Hello there! We’re back after a long break with another Tuesday Teaching Tip! We hope your year has gotten off to a good start and that you’re starting to gel with your new crop of munchkins. Today’s idea started out as a failure and turned into a success. Isn’t that often the way?
We LOVE Lakeshore’s sandpaper sight words. They’re a great tactile, hands on learning tool wonderful for tracing words, making crayon rubbing and so much more. BUUUUT…some of the words your kids need to learn aren’t available. They’re very durable, but that means they’re also pricy. So, when we saw bright red sand at the dollar store the other day, an idea was born. What if we wrote out the sight words we wanted, traced them with hot glue and then quickly sprinkled the sand over it?
It seemed like a sure thing. Only, no matter how quickly we got the sand on there, it just didn’t stick all that well. Notice how the “i” has absolutely nothing stuck to it? The “s” didn’t work out any better. Sigh.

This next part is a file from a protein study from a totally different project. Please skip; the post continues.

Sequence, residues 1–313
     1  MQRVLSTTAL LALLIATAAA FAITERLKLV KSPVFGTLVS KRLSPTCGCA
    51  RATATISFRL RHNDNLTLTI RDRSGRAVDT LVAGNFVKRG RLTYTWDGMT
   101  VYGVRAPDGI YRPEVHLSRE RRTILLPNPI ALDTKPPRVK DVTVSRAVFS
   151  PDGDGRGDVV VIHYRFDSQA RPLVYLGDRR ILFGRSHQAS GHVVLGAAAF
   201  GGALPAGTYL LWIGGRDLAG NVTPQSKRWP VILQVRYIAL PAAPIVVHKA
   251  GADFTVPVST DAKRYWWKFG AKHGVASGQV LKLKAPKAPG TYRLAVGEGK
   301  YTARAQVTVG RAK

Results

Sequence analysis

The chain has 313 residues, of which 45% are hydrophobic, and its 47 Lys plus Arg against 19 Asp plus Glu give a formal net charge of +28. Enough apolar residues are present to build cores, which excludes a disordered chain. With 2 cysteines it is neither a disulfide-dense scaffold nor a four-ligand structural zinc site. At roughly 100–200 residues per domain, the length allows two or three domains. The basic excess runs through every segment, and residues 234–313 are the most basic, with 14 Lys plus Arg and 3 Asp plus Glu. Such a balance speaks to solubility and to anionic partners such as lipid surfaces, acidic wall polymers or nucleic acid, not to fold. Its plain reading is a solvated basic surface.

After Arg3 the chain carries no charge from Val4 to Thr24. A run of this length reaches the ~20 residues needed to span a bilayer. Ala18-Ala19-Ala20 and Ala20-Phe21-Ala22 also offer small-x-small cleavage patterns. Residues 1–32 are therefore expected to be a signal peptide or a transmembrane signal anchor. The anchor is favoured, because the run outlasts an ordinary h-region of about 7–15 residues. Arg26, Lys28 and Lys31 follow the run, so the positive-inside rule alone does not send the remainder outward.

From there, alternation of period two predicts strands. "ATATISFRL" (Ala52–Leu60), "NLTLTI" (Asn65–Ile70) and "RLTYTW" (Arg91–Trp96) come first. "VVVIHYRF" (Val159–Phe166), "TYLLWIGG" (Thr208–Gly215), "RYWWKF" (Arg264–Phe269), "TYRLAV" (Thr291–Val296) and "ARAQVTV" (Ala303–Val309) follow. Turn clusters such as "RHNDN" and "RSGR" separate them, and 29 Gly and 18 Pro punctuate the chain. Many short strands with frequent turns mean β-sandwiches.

While brushing off the mess of sand, though, it was suddenly obvious we didn’t NEED sand. Hot glue dries to a rubbery finish. It provides plenty of resistance for tracing all on its own! The raised surface is also high enough that it works really well for doing crayon rubbings, as well.
If you’ve used a glue gun before, you should find tracing the words fairly easy and quick (it took me less than 30 seconds/word). If you haven’t – prepare to become an addict! Glue guns are cheap (> $5 at your local craft store; glue sold at Dollar Tree) and useful for so many different things! Even if you’re a confirmed glue gun master, though, you might want to pace yourself with this project. I made 20 of them at once and my hand was pretty tired afterward. This would be a great time to recruit a crafty parent or two and have them help. Or just plan on doing it in a few sittings rather than banging it all out at once.
Best of all? Perfection is definitely NOT required. Once you’re making that crayon rubbing, little wispy extra strands won’t matter. Even when just using them for tracing with a fingertip, it really won’t make a difference if you had to go back over a bit you missed, or have a few stray little strands.
Now, what to do with all that red sand?